Crucial factors in the implementation of participatory development communication in development projects in Papua New Guinea

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Hermann, Birgit
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Master of International Communication
Unitec Institute of Technology
Beamer, Linda
Papoutsaki, Evangelia
Masters Dissertation
Ngā Upoko Tukutuku (Māori subject headings)
participatory development communication
ethnographic studies
development projects
Papua New Guinea
Hermann, B. (2007). Crucial factors in the implementation of participatory development communication in development projects in Papua New Guinea. Unpublished thesis submitted in partial fulfillment of the degree of Master of International Communication, Unitec New Zealand, New Zealand.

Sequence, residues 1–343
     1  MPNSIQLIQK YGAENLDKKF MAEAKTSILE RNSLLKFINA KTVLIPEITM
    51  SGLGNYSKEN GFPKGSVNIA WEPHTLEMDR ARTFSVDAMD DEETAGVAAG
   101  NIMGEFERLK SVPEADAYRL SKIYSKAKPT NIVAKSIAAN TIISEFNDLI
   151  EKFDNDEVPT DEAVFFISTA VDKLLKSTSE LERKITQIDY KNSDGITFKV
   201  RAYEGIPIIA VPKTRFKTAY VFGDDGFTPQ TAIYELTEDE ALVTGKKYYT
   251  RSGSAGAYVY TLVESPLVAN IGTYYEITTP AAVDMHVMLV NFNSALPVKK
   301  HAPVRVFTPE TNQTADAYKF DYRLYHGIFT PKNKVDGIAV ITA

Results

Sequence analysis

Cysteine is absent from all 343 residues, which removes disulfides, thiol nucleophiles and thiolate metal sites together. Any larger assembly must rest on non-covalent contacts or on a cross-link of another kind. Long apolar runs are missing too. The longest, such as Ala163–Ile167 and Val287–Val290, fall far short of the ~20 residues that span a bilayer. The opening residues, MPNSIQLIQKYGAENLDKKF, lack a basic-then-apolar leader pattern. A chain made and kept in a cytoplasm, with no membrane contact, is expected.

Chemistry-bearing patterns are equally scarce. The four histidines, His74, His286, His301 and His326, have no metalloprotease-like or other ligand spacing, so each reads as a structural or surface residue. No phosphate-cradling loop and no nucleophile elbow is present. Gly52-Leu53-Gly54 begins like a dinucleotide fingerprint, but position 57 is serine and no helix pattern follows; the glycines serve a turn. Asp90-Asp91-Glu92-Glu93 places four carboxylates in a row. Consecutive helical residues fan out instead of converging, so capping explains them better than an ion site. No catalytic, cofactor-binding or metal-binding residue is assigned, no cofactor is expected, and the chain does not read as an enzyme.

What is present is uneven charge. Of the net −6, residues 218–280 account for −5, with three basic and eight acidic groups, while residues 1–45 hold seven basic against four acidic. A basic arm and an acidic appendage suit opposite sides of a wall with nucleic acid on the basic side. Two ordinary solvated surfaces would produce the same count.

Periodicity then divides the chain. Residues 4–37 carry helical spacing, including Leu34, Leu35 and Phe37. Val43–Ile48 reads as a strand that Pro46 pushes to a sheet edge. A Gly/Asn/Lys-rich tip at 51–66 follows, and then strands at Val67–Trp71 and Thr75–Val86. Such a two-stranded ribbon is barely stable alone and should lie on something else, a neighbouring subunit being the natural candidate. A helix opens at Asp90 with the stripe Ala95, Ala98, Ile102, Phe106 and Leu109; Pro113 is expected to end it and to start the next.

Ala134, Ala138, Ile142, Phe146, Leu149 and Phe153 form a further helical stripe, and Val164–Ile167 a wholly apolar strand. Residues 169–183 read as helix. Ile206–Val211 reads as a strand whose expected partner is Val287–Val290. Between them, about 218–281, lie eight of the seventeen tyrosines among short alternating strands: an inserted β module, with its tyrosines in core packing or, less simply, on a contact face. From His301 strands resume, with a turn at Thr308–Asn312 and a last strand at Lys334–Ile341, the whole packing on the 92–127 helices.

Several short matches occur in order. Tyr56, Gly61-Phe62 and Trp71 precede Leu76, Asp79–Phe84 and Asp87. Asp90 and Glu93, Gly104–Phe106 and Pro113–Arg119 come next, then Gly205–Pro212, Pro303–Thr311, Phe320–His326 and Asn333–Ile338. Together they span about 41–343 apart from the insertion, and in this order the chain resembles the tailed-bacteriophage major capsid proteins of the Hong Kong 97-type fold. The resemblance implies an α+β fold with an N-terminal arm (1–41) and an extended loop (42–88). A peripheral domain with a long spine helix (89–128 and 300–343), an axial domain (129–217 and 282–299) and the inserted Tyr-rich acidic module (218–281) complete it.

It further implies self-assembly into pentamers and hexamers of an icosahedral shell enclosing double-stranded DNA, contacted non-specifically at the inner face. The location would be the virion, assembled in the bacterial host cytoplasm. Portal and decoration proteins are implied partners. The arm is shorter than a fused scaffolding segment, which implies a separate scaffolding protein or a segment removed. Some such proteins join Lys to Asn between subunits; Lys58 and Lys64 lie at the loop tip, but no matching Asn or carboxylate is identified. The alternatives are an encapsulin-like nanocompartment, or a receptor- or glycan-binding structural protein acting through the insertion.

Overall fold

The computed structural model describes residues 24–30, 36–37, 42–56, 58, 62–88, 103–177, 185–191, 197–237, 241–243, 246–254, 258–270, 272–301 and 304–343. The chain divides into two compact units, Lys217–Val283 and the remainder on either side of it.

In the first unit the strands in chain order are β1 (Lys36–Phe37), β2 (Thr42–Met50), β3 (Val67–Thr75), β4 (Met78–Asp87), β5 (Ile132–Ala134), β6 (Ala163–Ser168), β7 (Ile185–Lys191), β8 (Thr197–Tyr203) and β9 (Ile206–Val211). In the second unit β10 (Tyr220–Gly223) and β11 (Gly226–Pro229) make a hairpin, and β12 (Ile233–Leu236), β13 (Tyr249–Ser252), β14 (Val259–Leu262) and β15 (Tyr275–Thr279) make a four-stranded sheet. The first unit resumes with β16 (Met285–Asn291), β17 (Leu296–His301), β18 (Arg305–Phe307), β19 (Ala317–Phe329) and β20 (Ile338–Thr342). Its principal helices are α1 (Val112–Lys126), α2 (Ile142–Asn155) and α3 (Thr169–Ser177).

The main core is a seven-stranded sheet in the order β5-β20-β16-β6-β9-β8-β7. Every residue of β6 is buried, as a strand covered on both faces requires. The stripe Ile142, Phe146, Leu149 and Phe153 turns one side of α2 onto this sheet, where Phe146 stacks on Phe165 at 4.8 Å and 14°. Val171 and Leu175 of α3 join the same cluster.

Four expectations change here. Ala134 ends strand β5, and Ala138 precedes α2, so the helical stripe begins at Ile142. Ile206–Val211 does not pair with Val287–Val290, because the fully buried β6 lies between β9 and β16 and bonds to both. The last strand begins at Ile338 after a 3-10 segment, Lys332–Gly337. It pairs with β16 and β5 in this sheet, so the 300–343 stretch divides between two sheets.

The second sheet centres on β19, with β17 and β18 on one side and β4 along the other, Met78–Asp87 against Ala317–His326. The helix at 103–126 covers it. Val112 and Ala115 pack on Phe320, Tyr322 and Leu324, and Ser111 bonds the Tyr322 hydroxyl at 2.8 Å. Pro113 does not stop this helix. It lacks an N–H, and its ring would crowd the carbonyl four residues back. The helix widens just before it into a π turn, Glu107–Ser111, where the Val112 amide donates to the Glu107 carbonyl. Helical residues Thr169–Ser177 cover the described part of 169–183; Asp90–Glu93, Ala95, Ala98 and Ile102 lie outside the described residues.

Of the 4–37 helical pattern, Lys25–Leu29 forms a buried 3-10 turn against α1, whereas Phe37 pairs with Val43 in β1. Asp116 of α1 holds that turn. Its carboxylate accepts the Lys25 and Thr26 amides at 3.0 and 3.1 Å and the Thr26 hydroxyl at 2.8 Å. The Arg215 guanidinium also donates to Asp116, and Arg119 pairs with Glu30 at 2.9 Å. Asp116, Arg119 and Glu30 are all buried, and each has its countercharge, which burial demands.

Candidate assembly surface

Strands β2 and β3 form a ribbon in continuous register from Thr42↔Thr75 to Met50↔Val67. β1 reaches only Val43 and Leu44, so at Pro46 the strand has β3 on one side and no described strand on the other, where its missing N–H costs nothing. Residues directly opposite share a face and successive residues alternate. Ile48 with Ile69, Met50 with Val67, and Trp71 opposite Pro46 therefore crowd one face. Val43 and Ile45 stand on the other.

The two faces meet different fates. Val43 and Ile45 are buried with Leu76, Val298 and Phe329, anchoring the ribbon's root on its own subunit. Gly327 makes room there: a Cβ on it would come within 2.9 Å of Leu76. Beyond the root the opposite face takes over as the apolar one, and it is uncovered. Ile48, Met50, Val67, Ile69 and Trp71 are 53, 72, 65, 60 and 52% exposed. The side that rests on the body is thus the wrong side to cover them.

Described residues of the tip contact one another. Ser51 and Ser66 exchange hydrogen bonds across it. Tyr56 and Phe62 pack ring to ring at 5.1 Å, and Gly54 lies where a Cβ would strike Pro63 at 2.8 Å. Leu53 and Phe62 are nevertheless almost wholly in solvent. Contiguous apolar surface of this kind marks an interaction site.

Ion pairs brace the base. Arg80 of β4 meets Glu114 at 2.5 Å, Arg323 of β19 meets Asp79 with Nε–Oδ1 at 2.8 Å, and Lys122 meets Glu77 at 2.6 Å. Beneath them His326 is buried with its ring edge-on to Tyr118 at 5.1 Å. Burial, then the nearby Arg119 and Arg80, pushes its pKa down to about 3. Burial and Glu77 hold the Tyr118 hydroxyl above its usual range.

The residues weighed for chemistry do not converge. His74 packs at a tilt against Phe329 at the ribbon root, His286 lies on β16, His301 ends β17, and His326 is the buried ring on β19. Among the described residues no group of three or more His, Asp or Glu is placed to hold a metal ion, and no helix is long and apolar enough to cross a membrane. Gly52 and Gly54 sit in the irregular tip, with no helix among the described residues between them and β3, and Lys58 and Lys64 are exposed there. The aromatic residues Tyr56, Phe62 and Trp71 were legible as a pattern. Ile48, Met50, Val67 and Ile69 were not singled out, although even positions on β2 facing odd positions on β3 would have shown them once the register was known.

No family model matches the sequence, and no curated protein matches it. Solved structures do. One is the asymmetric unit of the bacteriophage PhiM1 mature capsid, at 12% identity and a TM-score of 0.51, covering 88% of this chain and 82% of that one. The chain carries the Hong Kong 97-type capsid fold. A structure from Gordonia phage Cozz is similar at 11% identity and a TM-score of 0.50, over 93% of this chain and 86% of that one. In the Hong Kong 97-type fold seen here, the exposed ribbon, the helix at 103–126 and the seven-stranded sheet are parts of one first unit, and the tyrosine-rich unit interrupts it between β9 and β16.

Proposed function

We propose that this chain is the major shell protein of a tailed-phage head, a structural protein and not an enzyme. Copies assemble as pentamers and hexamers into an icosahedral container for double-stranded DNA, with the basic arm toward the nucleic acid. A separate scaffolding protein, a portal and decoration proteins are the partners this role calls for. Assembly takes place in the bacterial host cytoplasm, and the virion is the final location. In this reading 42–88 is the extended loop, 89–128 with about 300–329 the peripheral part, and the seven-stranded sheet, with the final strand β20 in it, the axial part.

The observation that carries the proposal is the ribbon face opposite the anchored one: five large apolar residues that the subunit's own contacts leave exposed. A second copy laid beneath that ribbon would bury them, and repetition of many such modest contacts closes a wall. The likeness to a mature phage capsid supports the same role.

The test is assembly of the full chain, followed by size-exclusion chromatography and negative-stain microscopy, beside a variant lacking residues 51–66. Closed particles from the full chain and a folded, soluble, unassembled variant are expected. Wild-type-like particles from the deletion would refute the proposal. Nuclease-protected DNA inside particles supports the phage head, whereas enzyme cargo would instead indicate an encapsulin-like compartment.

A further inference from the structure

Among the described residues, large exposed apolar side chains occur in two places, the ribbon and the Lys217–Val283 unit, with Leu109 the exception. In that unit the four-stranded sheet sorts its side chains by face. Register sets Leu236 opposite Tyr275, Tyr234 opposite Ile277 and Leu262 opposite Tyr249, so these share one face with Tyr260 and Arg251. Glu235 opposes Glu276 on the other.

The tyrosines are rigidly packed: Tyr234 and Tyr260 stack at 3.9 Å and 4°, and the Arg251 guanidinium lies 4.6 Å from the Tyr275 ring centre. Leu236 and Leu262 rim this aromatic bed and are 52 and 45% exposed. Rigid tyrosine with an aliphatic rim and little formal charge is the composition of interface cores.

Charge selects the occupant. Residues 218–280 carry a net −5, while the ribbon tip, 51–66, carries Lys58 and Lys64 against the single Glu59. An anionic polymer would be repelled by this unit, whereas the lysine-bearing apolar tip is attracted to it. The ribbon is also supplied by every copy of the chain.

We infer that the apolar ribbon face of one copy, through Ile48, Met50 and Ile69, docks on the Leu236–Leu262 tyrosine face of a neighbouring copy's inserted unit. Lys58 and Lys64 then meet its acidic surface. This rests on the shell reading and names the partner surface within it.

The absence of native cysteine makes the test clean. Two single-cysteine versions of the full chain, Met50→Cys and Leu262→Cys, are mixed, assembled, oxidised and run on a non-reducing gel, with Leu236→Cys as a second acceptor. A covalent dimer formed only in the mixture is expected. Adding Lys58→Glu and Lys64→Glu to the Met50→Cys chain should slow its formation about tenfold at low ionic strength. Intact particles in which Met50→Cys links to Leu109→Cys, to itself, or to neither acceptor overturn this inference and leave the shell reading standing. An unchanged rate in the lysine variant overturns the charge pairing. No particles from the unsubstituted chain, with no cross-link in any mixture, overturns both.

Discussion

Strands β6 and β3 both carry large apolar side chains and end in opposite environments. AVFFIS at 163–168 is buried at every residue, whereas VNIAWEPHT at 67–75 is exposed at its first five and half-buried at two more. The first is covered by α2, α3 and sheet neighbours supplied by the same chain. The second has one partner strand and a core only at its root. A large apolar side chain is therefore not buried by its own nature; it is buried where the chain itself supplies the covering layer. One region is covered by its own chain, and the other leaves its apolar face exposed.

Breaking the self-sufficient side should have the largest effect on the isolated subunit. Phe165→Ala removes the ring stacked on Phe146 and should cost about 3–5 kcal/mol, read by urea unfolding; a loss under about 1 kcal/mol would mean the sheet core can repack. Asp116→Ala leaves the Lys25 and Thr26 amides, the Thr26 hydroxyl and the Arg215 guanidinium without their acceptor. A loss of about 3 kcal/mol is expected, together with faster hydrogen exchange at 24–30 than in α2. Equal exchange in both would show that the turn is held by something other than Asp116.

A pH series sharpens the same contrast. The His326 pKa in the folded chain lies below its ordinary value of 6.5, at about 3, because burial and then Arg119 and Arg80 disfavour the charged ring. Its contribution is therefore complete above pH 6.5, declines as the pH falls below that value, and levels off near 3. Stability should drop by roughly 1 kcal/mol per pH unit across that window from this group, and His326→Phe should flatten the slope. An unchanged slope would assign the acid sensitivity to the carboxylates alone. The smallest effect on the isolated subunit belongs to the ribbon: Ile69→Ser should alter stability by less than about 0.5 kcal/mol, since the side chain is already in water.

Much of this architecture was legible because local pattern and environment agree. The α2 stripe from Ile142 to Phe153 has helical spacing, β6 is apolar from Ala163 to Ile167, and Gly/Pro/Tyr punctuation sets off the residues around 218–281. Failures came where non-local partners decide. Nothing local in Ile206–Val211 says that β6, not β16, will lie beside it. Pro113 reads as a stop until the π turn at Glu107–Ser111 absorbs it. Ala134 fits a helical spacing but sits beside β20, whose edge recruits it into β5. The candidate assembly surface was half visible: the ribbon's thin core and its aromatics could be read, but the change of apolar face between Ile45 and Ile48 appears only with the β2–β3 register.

This ethnographic study examines the key factors in the implementation of participatory development communication (PDC), an under-researched field, in four development projects of an international development organisation in Papua New Guinea. Divergent opinions exist about which type of communication is effective for sustainable development. Papua New Guinea faces serious developmental issues, and development projects have been initiated by several international development organisations. The ethnographic study comprises three data collection methods: participant observation, interviews, and documents. The researcher observed the communication processes of four development projects in Papua New Guinea during May and June 2007. Twenty-four staff members and beneficiaries are informants for the research. Documents of the organisation are used for triangulation. The findings disclose that only one of the four projects integrates PDC to the extent of involving the beneficiaries in the design of the project. In the other three projects, the beneficiaries participate only in the implementation of the activities—a kind of participatory diffusion. Ten highly interrelated factors around three themes influence the implementation process in the specific Papua New Guinean context. The critical themes for an environment supportive of PDC are (a) that staff have positive attitudes and behaviours toward implementing PDC, (b) that the perceived needs of the beneficiaries are met, and (c) that a level of trust between the development organisation and the beneficiaries is established. In this study, additionally the specific organisational culture, the communication context between the organisation and the beneficiaries, and the time-restricted, donor-driven project design hinder the implementation of an ideal PDC approach.
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